For decades, employers and employees have been effectively precluded from using two of the handiest special valuation rules—the fleet-average and vehicle cents-per-mile valuation rules—to value employees’ personal use of employer-provided vehicles.  The 1989 fringe benefit regulations imposed modest maximum vehicle values ($16,500 and $12,800, respectively, as adjusted for inflation) to limit the use of the rules, which have not kept pace with rising vehicle costs.

When the 2017 Tax Cuts and Jobs Act (“TCJA”) increased the dollar limitations on the depreciation deductions for luxury automobiles under section 280F(a), the permitted maximum value of a vehicle, when using either special valuation rule, increased to $50,000, which is adjusted for inflation beginning with calendar year 2019.  On February 5, 2020, Treasury published final regulations amending Treasury Regulation § 1.61-21 to align the increased limitations on the maximum vehicle fair market values with the TCJA changes.  Consistent with earlier guidance in proposed regulations, Notice 2019-08, and Notice 2019-34, the final regulations also provide transition rules for employers who desire to retroactively use either special value rule for 2018 or 2019, if the vehicle would have met the increased maximum value requirement in the year the vehicle was first made available to any employee of the employer.

In 1984, the Deficit Reduction Act overhauled the taxation of fringe benefits by adding exclusions under section 132 for certain commonly provided fringe benefits and by amending section 61(a)(1) to include explicitly the value of fringe benefits in income by providing that “gross income means all income from whatever source derived, including . . . [c]ompensation for services, including . . . fringe benefits.”  In other words, a fringe benefit provided by an employer to an employee, such as the personal use of a company car, is presumed to be income unless specifically excluded by another section of the Code.  If the value of the fringe benefit is includible in income, it must be treated as additional wages paid by the employer and subjected to payroll taxation.  The final fringe benefits regulations issued in 1989 discussed fair market valuation under section 61 and included optional special valuation rules for certain fringe benefits, such as employer-provided vehicles.  When properly applied, employers and employee may rely on these special valuation rules—such as the fleet-valuation rule and the vehicle cents-per-mile rule—for purposes of income inclusion, withholding and reporting in lieu of determining the actual fair market value of the personal use of the vehicle.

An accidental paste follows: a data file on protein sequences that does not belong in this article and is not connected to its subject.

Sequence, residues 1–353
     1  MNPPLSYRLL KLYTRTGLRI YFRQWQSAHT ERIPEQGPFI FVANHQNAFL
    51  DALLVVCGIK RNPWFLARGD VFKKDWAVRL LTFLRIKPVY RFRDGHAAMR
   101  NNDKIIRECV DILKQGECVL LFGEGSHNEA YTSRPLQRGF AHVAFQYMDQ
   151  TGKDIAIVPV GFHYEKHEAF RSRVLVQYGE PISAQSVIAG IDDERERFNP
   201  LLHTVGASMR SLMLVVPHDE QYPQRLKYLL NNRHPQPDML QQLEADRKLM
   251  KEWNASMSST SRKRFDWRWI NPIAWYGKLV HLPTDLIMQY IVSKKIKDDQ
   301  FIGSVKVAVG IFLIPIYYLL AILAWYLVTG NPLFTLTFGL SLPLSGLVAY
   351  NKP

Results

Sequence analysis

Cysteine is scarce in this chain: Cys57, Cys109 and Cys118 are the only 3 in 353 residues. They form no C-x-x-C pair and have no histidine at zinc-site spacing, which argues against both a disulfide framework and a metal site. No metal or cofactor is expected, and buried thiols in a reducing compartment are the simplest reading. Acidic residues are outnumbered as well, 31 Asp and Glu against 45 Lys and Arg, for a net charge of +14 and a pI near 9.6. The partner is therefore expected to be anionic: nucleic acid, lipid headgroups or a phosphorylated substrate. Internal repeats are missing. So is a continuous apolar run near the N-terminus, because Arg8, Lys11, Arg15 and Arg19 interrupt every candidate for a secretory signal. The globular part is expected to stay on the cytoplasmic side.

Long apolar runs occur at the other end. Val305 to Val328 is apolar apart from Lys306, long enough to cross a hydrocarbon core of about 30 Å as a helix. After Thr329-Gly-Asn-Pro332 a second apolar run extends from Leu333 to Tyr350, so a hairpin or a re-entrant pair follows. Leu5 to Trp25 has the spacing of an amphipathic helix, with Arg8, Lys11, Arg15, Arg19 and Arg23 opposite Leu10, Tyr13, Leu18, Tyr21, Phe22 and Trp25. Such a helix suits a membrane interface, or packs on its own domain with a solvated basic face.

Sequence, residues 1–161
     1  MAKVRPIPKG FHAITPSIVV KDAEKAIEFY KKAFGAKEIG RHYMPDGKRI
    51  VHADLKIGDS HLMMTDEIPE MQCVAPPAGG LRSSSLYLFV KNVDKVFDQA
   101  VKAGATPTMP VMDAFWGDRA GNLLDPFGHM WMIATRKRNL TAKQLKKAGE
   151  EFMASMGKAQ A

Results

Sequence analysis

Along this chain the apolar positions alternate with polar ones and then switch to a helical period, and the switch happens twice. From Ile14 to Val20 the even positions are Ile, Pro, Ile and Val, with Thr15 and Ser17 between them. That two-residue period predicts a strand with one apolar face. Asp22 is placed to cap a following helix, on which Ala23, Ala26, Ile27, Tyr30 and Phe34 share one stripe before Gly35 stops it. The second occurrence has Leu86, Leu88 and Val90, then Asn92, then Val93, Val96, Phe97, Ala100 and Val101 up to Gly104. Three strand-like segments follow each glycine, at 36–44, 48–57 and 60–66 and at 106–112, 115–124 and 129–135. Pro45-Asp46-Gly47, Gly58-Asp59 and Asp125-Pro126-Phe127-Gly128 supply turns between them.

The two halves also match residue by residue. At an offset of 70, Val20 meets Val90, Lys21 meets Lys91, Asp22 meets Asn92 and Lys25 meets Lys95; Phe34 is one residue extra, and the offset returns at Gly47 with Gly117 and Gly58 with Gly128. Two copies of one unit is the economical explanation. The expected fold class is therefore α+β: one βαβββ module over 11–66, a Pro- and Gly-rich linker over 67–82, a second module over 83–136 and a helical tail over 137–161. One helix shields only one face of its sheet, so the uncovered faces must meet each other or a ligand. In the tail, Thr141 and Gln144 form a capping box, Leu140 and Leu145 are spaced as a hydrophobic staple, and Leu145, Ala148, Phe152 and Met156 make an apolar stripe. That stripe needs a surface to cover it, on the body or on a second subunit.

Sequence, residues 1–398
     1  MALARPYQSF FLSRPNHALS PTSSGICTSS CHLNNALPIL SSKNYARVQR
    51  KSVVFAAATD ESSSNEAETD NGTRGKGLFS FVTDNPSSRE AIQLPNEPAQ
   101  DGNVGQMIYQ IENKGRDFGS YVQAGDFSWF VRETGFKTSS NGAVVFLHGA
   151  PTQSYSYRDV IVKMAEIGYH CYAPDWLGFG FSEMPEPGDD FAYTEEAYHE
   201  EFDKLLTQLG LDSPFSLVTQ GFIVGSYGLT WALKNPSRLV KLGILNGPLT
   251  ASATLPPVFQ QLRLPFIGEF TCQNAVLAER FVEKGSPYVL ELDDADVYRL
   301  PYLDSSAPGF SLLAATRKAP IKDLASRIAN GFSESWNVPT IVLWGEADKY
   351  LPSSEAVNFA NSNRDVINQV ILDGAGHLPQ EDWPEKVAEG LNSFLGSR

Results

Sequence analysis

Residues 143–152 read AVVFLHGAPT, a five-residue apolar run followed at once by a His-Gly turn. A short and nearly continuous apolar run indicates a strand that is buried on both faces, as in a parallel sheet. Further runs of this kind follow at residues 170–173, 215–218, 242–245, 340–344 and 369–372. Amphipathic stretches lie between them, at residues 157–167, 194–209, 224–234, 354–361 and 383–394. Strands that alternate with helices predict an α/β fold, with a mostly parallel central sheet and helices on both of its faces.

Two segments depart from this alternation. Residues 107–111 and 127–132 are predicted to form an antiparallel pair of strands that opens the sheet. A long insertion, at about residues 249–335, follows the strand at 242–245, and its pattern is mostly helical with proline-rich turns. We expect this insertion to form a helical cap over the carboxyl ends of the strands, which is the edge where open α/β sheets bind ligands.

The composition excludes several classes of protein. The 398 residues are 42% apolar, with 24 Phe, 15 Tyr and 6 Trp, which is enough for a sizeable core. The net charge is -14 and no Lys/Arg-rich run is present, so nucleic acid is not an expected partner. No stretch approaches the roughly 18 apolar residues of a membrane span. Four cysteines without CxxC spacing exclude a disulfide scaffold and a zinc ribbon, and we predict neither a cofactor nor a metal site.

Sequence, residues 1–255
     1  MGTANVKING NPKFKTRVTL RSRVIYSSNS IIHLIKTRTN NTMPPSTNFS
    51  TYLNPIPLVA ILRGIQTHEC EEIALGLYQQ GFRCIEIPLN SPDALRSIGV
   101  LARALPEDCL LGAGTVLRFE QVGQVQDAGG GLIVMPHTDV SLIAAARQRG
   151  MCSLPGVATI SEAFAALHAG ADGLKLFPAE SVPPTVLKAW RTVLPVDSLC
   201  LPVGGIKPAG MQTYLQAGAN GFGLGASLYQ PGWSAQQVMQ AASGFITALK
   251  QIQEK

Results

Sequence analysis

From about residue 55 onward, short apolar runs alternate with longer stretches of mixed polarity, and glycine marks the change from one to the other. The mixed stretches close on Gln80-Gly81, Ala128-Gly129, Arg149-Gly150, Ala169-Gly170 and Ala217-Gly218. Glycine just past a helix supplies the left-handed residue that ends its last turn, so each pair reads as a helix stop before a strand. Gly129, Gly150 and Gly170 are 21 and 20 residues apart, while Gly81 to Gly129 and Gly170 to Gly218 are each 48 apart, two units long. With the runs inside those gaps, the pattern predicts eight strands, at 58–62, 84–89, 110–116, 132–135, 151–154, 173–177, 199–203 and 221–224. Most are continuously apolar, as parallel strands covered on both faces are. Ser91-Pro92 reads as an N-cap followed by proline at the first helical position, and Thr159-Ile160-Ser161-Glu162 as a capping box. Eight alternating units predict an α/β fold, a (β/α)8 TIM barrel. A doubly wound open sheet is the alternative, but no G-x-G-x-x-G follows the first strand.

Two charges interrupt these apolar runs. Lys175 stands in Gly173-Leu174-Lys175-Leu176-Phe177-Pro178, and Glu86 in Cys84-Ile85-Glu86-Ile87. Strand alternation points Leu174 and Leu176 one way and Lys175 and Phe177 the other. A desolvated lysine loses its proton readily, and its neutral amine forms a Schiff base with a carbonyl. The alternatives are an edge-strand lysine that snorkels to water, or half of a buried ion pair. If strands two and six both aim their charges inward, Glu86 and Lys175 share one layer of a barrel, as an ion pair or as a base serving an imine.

The fleet-average valuation rule is an optional rule within the special valuation rule of Treasury Regulation § 1.61-21(d), known as the automobile lease valuation rule.  The automobile lease valuation rule is the most frequently used special valuation rule for valuing an employee’s personal use of an employer-provided automobile.   Under the rule, the fair market value of each car must be determined and plugged into the regulation’s annual lease value (“ALV”) chart and the portion of the ALV attributable to personal miles is treated as income to the employee.  In cases where an employer has a fleet of 20 or more cars, the regulations permit the employer to use a fleet-average value for purposes of calculating the ALV of any automobile in the fleet, provided the fair market value of the automobile does not exceed a maximum value as permitted under the regulations.  The prior final regulations capped the maximum value at $16,500, adjusted annually for inflation).  The maximum value was so low—for example, $21,100 for an automobile in 2017—that most employers were precluded from using the fleet-average valuation rule when relying on the automobile lease valuation rule.